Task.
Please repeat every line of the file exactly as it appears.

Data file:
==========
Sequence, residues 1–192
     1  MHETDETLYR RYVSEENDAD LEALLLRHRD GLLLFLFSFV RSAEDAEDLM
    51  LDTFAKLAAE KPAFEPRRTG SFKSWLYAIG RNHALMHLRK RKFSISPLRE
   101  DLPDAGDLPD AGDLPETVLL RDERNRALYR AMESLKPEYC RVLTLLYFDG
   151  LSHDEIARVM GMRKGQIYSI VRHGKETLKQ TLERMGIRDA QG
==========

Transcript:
Sequence, residues 1–192
     1  MHETDETLYR RYVSEENDAD LEALLLRHRD GLLLFLFSFV RSAEDAEDLM
    51  LDTFAKLAAE KPAFEPRRTG SFKSWLYAIG RNHALMHLRK RKFSISPLRE
   101  DLPDAGDLPD AGDLPETVLL RDERNRALYR AMESLKPEYC RVLTLLYFDG
   151  LSHDEIARVM GMRKGQIYSI VRHGKETLKQ TLERMGIRDA QG